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Personalisation and relevance

Personalisation is a great tool for marketers because it ‘greases’ friction in the buyer journey, reduces information overload, and tailors the narrative specifically for your intended reader.

When content is personalized, our brains tell us it’s relevant, which then helps identify it as something we need faster. It also reduces the working memory that we need to use because we don’t have to sift through lots of irrelevant information as the most important details have already been pulled out for us. Obviously, it’s a mountain of work to personalize content delivery to a whole mailing list, but if you automate this process, you’ll get all the benefits of delivering unique content without the challenge of adapting content for hundreds and even thousands of users.

On a psychological level, personalisation also produces something called the Cocktail Party Effect. This is what happens when you’re talking to someone and hear your name in a different conversation: it’s like a magnet. Your brain focuses on this other conversation, and you struggle to remain attentive to the one you were originally having. It’s very hard to ignore. By sending people content that was made for them and has their name on it, as opposed to a generic piece of content (think of the dreaded bcc.), it has that same effect, and they feel drawn to it. A great example of this approach to marketing is Spotify. Their use of tailored playlists and suggestions, based on what you have already listened to, proves that getting personal with your audience drives application use and subscription sales.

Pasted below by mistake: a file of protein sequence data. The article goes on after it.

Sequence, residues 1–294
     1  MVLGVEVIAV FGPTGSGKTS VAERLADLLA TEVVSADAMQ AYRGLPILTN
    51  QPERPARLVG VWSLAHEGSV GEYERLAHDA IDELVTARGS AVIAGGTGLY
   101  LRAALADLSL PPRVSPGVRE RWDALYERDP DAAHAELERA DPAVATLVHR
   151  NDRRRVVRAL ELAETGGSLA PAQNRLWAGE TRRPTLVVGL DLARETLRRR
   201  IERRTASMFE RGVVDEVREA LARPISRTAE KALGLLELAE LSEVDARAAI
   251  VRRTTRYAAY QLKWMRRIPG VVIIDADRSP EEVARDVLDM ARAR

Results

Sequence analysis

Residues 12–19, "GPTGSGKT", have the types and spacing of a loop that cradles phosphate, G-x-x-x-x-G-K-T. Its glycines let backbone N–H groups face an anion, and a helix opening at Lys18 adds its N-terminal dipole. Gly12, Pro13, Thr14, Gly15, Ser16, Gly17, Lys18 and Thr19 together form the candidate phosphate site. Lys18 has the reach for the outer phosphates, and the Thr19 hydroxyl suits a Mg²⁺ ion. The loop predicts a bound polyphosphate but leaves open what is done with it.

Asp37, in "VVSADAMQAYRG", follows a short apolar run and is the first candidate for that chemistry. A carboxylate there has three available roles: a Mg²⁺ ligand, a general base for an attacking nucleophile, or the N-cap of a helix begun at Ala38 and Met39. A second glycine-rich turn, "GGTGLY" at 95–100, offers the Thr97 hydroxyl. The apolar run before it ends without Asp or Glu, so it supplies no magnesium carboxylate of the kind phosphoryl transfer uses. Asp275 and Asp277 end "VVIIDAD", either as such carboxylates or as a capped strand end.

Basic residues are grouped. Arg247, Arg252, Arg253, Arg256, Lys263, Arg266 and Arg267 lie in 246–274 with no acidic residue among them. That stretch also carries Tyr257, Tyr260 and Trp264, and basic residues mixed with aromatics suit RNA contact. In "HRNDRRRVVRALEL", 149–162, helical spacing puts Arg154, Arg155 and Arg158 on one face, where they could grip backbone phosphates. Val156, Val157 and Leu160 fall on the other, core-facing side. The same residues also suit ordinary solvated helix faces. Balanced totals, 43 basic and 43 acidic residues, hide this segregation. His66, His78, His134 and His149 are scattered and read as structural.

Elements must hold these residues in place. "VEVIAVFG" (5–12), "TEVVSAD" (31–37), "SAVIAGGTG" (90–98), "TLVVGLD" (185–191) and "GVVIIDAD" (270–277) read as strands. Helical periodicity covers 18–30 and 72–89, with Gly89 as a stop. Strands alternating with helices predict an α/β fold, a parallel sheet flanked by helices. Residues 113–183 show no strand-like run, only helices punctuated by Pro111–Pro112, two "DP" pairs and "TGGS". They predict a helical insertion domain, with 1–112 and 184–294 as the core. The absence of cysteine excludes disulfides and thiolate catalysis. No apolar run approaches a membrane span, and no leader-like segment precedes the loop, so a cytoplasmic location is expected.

A question of format

How you deliver the message is perhaps even more important than the message itself, and this is where autonomy becomes so important – people need to feel in control of their own behaviors and goals. But at the end of the day, we still want them to read our content, so how do we help them feel in control of this process?

The Canadian philosopher Marshall McLuhan coined the phrase The medium is the message. He posited that people are not only affected by content, but also by the characteristics of the content’s format.

Consider the reading experience of traditional formats like the PDF: it’s a very linear journey. To make progress, you have to scroll until you reach the end. There is no choice available to the reader other than that. Static scrolling documents dictate the reader’s journey. Because of this, they fundamentally can’t satisfy our need for autonomy. Your proposal probably feels like a lecture, like you have the power and your reader doesn’t. This will always be a disadvantage when you want someone to make a decision. By comparison, when your content is presented in an interactive format, readers are given more choice and more freedom to engage on their own terms, which satisfies their need to make independent decisions.

Final thoughts

Take the time to understand – and employ – some of the behavioral science that powers our engagement with content and informs our decisions. Then, you can deliver information in a way that truly helps your audience to understand how your solution can solve their problem, and direct them towards taking action with your business.